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Andrea Long Chu “Females: A Concern “ 6:00 pm
Andrea Long Chu “Females: A Concern “ @ Wolff Conference Room, D1103
Mar 14 @ 6:00 pm – 8:00 pm
“Everyone is female”—this is the first of several “untenable claims” presented by Andrea Long Chu in her forthcoming book Females: A Concern (Verso, 2019). Drawing inspiration from Valerie Solanas’s SCUM Manifesto and her forgotten play Up Your Ass, this lecture in numbered theses whips through a variety of ugly objects (films, manifestos, performance art, psychoanalysis, porn, and the alt-right) to give a portrait of femaleness as a universal category of self-ablation against which all politics—even feminist politics—revolts. Andrea Long Chu is a writer and critic completing her doctorate at New York University. Her writing has appeared, or will soon, in n+1, Boston Review, The New York Times, New York, Artforum, Bookforum, Chronicle of Higher Education, 4Columns, differences, Women & Performance, TSQ, and Journal of Speculative Philosophy. Her …

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Black Women Philosophers Conference
Black Women Philosophers Conference @ Elebash Recital Hall, CUNY Grad Center
Mar 15 – Mar 16 all-day
What does a philosopher look like? Inevitably, our mental pictures are shaped by the dominant imagery of the white male marble busts of Greco-Roman antiquity—Plato, Aristotle, Cicero, Seneca—and their modern European heirs—Hobbes, Descartes, Locke, Rousseau, Kant, Hegel, Mill. Even today Western philosophy is largely male and overwhelmingly white—about 97 percent in the U.S., close to 100 percent in Europe. Diversifying the field requires expanding our corporeal imaginary of its practitioners. This conference, timed to honor Professor Anita Allen-Castellitto (Penn), the first black female President in the 100-year-plus history of the American Philosophical Association, aims to showcase the work of a traditionally under-represented population, challenging these preconceptions. Allen and fifteen other …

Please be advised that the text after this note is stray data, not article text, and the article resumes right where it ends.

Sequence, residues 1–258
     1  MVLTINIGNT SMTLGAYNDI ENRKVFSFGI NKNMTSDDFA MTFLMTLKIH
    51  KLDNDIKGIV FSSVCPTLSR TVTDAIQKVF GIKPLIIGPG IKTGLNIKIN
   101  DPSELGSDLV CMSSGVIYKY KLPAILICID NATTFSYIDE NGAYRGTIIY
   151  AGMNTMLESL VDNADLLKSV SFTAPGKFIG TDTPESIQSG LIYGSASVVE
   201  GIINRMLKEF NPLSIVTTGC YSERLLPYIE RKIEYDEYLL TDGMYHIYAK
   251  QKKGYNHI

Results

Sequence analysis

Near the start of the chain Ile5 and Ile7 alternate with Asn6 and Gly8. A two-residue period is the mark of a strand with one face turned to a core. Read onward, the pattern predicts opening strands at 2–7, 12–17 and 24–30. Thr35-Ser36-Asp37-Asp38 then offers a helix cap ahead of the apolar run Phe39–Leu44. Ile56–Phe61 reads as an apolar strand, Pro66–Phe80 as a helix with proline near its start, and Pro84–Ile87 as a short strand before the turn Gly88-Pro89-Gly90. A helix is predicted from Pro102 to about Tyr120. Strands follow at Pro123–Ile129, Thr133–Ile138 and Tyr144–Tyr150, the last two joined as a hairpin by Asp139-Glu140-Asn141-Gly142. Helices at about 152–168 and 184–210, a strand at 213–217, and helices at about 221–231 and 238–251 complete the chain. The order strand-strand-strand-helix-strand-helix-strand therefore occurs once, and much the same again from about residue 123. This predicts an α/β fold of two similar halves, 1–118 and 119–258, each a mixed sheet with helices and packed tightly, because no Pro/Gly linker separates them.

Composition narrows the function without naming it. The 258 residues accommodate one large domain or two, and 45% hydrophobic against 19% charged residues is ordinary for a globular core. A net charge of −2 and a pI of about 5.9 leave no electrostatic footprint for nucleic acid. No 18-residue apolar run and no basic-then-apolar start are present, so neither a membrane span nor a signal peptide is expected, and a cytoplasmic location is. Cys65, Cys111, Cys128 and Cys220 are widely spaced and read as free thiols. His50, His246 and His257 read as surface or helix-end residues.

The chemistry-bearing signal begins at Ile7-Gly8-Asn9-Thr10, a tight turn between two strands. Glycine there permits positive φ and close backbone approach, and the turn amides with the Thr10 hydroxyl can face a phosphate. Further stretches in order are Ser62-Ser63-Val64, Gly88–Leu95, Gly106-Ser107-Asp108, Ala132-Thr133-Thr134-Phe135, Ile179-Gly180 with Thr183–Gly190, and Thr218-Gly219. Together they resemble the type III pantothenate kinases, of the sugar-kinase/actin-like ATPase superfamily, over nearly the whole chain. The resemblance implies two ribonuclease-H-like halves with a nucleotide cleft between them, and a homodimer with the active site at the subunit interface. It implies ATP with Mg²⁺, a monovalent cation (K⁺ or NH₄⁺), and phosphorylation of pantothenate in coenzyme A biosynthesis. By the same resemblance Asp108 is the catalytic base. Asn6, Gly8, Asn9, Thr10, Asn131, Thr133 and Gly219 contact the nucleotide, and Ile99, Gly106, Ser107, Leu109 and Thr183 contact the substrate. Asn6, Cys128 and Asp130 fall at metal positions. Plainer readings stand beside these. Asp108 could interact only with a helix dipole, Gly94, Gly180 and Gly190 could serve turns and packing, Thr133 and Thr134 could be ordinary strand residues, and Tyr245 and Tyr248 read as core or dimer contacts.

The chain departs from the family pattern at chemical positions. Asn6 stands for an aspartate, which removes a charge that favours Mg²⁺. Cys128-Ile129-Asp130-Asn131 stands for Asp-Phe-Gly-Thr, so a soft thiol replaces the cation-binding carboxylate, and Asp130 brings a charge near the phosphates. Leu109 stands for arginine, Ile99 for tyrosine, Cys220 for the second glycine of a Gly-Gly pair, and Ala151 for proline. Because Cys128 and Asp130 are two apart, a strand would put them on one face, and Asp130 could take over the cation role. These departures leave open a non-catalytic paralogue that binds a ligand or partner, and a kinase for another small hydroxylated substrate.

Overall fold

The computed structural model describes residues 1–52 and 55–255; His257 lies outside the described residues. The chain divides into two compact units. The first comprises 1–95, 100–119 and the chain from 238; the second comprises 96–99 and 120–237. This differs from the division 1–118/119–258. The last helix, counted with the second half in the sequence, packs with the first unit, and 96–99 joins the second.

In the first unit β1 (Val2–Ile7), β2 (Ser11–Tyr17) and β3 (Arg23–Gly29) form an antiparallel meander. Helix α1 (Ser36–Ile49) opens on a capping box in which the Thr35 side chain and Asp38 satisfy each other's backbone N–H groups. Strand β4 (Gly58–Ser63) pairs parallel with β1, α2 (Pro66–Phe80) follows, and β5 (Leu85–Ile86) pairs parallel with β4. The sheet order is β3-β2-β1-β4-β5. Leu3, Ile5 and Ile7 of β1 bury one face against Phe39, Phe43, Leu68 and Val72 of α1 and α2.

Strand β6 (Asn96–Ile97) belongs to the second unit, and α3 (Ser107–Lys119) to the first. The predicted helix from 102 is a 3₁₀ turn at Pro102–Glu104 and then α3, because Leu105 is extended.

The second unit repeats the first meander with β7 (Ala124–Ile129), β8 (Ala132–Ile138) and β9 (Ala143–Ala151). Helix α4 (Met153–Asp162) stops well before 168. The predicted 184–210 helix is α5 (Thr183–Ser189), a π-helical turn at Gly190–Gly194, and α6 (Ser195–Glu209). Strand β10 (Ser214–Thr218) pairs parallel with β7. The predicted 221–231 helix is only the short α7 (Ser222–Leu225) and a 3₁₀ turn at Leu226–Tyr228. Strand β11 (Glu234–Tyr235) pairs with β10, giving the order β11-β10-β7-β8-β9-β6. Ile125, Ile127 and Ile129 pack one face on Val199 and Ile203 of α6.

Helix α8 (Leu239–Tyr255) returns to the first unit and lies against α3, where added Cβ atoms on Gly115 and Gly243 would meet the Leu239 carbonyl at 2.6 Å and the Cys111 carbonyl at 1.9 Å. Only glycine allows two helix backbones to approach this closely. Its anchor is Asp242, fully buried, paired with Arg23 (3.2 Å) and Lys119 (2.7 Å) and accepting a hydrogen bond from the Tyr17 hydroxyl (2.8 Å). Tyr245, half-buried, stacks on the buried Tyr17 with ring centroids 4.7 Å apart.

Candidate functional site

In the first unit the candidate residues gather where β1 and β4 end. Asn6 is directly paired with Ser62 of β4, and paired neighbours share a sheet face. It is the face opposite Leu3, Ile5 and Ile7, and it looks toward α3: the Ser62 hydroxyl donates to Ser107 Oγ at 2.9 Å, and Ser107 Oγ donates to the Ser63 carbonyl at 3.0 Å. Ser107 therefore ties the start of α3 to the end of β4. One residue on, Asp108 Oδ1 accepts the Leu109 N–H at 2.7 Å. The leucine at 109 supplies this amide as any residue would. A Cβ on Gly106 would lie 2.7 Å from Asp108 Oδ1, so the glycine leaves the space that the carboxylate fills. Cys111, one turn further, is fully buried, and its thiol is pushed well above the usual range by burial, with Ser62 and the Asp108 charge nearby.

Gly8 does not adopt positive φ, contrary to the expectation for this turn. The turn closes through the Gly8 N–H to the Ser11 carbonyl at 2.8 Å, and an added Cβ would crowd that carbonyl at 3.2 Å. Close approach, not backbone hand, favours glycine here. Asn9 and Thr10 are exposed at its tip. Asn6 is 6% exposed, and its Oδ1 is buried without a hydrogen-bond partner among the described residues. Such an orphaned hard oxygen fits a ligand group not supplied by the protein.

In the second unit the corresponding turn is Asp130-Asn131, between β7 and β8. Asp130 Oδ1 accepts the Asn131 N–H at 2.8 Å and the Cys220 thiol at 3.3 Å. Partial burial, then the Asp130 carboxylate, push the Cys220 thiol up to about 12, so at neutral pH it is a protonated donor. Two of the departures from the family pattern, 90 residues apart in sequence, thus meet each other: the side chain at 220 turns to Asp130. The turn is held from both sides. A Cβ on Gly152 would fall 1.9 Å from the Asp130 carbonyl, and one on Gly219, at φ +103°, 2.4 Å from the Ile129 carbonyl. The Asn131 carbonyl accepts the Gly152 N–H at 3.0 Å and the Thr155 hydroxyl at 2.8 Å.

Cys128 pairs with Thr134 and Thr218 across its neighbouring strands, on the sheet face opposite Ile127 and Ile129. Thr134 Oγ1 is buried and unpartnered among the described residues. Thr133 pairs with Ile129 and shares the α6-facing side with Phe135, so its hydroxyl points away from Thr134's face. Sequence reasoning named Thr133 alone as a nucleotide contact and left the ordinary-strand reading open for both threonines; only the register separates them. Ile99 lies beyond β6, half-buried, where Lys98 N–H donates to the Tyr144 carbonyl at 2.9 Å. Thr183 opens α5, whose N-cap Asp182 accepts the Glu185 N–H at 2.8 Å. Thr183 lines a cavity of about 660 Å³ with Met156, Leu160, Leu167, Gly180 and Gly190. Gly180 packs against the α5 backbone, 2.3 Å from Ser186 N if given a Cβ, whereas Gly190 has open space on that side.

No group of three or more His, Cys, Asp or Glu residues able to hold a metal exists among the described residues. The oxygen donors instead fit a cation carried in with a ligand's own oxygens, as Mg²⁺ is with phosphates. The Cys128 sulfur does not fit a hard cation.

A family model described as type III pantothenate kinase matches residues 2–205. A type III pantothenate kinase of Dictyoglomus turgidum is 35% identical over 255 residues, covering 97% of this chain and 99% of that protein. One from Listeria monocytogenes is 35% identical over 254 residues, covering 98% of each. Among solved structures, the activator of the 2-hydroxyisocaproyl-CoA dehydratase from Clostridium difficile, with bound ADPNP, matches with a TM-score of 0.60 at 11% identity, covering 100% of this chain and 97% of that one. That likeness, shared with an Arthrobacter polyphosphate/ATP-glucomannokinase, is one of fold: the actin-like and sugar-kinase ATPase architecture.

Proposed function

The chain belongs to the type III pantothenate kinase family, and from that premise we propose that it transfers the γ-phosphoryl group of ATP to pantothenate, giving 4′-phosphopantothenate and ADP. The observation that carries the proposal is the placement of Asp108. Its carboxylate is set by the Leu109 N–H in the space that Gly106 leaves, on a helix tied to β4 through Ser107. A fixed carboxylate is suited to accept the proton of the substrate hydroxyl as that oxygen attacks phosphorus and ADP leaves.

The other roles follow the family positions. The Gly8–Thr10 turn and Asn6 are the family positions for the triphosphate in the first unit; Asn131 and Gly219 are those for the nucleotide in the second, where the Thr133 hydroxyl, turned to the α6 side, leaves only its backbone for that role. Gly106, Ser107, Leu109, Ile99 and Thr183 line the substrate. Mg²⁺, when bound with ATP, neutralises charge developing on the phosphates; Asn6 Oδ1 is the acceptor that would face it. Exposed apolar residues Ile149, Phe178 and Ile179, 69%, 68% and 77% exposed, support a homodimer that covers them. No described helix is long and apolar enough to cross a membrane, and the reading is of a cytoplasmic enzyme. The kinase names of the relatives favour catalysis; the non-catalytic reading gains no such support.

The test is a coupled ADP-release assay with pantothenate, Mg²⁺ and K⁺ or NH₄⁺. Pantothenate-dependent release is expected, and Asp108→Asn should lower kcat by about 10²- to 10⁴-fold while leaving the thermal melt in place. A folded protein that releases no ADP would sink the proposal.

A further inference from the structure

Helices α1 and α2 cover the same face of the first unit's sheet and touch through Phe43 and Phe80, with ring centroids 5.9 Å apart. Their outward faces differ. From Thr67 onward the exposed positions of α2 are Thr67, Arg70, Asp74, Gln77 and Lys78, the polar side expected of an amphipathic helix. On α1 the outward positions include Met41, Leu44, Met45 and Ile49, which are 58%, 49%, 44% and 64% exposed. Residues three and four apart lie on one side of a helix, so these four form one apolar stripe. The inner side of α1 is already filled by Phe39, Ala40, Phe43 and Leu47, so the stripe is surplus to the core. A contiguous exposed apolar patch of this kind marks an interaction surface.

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Is it wrong for feminists to pay other women for housework? Johanna Oksala, Pratt 6:00 pm
Is it wrong for feminists to pay other women for housework? Johanna Oksala, Pratt @ Wolff Conference Room, NSSR, D1103
Mar 28 @ 6:00 pm – 8:00 pm
Many philosophers have suggested that the aim of imaginative philosophical inquiry is not to provide right answers, but right questions. This means demonstrating why certain questions are meaningless, based on false assumptions, or become senseless when posed in a wrong context. The question in my title appears to be a good candidate for this type of philosophical inquiry and I will try to show why. However, I will also argue that posing the question is nevertheless important, perhaps not for moral philosophy, but for feminist politics. The argument proceeds in three stages. In the first section, I will discuss Gabrielle Meagher’s article, Jstor, Spring 2002, ‘Is it Wrong to Pay for Housework?’. I …

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